The Living Lab for Air Quality began in November 2017, with the aim of building our knowledge of air quality and pollution on campus to shape action that drives improvements to our environment and to the health of our students, staff, and community.
Findings from the Living Lab have been used to inform decision making and policy, including the Landscape Strategy and Travel Plan, helping to reduce emissions from vehicles and limit exposure to poor air quality.
The Living Lab for Air Quality continues to expand through collaborations between the Sustainability Service, the Institute for Climate & Atmospheric Science (ICAS), the Centre of Excellence for Modelling the Atmosphere and Climate (CEMAC), the Institute for Transport Studies and the School of Civil Engineering. We are also working with Leeds City Council to grow the project and its influence into the city.
Campus Air Quality Monitoring
Initially carried out as a twelve-month monitoring programme in 2018, the Living Lab gathers, analyses and maps air quality in and around the University of Leeds. Staff and student volunteers use handheld equipment to measure particulate matter before the data is uploaded to the CEMAC website, producing a visualisation of average particulate concentrations (example below).
The idea is for all data to be open access so that staff, students and others can use it for reference, research and teaching. Due to some website changes you currently need to request access to the data from CEMAC (firstname.lastname@example.org).
We have been working to set up some fixed air quality monitoring sites on the University estate. Colleagues in the School of Earth & Environment have been developing innovative, low-cost microsensors for use in another project in Bradford. We hope to install some of these on-campus and at the Brownlee Centre in Headingley to provide more real-time data. We will also complete the installation of a new air quality monitoring space on the roof of the Laidlaw Library.
To take part in campus monitoring, or to build further on this project, please contact the Sustainability Service email@example.com.
Commuter Exposure Research
Students from the Institute for Transport Studies have been researching pollution exposure on our key staff and student commuter routes. Through a number of dissertation projects, students are carrying monitoring equipment with them whilst they drive, cycle, walk or sit on public transport so that we can compare how much pollution we are exposed to using different routes and transport methods. This provides us with great insights to support active travel for staff and students. A snapshot of findings can be seen below!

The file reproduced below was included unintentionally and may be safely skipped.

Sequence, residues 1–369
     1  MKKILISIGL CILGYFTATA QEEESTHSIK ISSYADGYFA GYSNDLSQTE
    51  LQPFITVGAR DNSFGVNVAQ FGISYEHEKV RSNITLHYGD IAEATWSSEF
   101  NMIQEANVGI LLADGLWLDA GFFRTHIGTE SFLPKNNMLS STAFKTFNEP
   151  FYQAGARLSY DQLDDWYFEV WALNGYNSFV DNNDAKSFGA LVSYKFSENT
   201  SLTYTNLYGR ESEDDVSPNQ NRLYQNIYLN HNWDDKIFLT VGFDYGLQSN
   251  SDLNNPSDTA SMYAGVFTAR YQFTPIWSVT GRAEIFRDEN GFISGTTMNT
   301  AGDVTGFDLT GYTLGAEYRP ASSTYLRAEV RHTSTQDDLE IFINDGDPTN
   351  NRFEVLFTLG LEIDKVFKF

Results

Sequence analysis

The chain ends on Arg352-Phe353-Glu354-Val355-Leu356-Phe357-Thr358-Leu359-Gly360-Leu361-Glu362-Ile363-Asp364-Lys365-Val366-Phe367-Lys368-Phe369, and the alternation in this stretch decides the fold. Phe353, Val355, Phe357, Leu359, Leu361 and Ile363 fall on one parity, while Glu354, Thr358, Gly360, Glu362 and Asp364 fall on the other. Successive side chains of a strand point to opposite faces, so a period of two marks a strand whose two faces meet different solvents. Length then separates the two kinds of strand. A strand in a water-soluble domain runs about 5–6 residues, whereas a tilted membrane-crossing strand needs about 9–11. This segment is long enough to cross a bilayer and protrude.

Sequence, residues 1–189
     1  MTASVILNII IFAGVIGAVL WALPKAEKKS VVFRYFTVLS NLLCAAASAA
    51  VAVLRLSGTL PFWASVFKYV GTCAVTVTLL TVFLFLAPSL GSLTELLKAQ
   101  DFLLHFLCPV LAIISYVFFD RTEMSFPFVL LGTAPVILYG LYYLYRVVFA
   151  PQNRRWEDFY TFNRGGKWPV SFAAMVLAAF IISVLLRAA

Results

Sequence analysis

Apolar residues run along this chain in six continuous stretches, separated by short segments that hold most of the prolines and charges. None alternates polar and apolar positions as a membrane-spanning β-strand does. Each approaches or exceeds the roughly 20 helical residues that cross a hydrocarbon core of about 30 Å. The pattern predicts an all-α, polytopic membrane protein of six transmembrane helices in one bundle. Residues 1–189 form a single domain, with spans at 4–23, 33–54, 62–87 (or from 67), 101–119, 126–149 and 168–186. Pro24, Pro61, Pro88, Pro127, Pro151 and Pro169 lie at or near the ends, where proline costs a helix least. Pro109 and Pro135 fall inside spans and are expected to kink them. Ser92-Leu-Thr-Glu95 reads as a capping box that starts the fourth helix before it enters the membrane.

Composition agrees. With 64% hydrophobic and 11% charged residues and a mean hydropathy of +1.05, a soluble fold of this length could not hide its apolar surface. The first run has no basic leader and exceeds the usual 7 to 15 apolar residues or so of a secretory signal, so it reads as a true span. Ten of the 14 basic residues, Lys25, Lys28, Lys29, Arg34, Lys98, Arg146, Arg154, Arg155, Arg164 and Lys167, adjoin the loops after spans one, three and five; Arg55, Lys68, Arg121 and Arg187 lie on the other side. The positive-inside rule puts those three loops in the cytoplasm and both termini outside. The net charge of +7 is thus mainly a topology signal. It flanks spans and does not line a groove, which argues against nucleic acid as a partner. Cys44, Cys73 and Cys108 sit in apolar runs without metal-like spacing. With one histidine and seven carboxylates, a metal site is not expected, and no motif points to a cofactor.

Indoor Air Quality
Working in collaboration with staff and students in the School of Civil Engineering, we have been exploring the relationship between indoor and outdoor air quality in University teaching spaces. Measuring particulate matter (2.5 and 10) and CO2 gives us an indication of air quality and helps us to develop our understanding of how various spaces are performing in terms of ventilation.
We know that there is a relationship between air quality, wellbeing and productivity, and we hope to further develop this research in the next year. If you would like to get involved then please let us know at firstname.lastname@example.org.
Led by a team in CEMAC, we are in the early stages of developing a dashboard for the visualisation of environmental data sets from across campus and the wider City. The concept initially envisages a geographic display of air quality and weather data, with the ability to display time series and averages for specific locations. There is a huge potential for open data sharing across the city that we can harness to support research and teaching and to drive sustainable solutions.
As soon as we develop something, we will share it here. If you would like to get involved, share your expertise or link a project, please get in touch by emailing the Sustainability Service email@example.com.
Keep up to date on the latest news
United Nations Sustainable Development Goals
We use the United Nations Sustainable Development Goals (SDGs) as a framework to guide our activity. Living Lab for Air Quality work is linked to the following SDGs:
- Goal 3: Good Health and Wellbeing
- Goal 11: Sustainable Cities and Communities
- Goal 13: Climate Action
- Goal 17: Partnerships for the Goals
Find out more about our impact on the SDGs.